Demystifying the coefficient of friction

Demystifying the coefficient of friction

For an informed choice in safety shoes

When it comes to choosing a pair of safety shoes, factors such as comfort, style and durability are often primary considerations. But a crucial aspect that is often overlooked is the coefficient of friction, which describes the shoe's ability to not slip on a given surface.

The shoe's grip on different surfaces plays a vital role in preventing falls and improving user stability. So, in order to be able to make an informed choice when purchasing, a buyer needs to fully understand this piece of data, which is usually included in descriptions of safety shoes. 

Understanding the Coefficient of Friction (CoF)

The coefficient of friction is defined as the ratio between the maximum friction force applied by the sole of a shoe and the force pushing the sole against a given surface.

The higher the coefficient of friction, the greater the resistance to sliding. Experts from the SATRA laboratory consider that a CoF of 0.3 allows normal walking on a given surface, while a CoF greater than 1.25 would create a risk of falling because it could cause the foot to stick while walking.

Several factors can influence the result obtained during a coefficient of friction test, including the material used to make the sole and the pattern used on the outsole. 

How is the coefficient of friction of shoes tested?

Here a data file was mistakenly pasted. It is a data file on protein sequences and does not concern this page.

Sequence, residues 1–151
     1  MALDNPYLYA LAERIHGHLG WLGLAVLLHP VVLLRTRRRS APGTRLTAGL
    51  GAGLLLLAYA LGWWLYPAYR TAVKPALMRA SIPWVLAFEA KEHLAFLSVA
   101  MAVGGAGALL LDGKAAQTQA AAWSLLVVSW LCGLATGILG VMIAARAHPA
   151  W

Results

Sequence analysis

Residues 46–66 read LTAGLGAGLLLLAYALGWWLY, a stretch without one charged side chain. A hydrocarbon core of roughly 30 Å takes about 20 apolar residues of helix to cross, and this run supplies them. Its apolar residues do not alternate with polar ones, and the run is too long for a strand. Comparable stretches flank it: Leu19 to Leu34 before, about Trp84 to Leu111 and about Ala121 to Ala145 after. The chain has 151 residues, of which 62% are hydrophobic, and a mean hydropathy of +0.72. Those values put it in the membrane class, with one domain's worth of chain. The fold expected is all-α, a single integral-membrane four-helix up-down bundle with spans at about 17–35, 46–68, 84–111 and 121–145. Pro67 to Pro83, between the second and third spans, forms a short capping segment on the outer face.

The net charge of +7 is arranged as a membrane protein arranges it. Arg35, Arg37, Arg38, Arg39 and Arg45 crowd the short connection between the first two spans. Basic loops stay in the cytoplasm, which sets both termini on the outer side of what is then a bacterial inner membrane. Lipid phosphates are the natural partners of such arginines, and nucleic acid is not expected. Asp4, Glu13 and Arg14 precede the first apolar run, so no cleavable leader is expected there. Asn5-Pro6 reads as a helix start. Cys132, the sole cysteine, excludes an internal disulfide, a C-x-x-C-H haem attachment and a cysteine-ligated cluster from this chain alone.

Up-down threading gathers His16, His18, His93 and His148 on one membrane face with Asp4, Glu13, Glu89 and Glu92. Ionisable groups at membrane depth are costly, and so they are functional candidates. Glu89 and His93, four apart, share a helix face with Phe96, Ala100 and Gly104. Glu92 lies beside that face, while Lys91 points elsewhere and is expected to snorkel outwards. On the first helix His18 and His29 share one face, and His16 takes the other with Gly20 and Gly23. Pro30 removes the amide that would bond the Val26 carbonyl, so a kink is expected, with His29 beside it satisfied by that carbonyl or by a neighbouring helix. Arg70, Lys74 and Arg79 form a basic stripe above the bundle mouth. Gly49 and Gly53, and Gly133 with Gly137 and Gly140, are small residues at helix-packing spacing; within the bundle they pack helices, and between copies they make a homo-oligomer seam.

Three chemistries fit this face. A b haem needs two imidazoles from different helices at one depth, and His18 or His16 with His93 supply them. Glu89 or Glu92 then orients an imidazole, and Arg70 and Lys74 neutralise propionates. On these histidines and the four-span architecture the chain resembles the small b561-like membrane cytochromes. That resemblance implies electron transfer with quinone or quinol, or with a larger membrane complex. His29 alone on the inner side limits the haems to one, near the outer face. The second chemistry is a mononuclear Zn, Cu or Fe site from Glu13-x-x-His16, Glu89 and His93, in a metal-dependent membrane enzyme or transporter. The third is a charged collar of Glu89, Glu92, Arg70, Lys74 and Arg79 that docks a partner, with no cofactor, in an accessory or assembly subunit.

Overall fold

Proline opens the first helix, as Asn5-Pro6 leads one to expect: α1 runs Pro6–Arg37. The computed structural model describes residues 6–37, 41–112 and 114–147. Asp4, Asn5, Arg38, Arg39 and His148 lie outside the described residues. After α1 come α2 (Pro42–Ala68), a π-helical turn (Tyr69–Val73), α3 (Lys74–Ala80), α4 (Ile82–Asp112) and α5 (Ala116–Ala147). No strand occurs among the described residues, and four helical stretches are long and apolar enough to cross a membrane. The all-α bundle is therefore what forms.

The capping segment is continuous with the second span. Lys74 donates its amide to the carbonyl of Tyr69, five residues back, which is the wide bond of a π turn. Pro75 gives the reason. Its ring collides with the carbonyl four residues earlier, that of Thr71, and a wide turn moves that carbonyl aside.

SATRA TM144 is the preferred testing method for classifying shoes as “non-slip.” For most ROYER products, tests are performed on 2 types of surfaces, namely stainless steel (both wet and dry) and ceramic tiles (wet), but testing can also be done on dry ice and wet ice when necessary, as with our range of products using Vibram Arctic Grip soles. We’ll publish another blog post soon to give a detailed analysis of the coefficient of friction on icy surfaces.

In the laboratory, testing is performed using the SATRA STM 603 device, which is able to reproduce the motions that take place during walking. The device applies a constant vertical force, intended to represent approximately the weight of half the body, to bring the shoe into contact with the surface; then, the shoe and the floor surface are moved horizontally towards each other. The horizontal force acting on the shoe during this movement is then measured, allowing the coefficient of friction to be determined. This test is performed with the shoe completely flat as well as on the heel. 

Finding the right shoe for your foot

As a user, it is essential to consider the intended use of your shoe and the kinds of surfaces it will be used on to determine the most appropriate coefficient of friction for a particular application. By choosing shoes designed with optimal grip and suited to your work environment, you can walk with confidence, knowing you have the traction needed to keep you safe.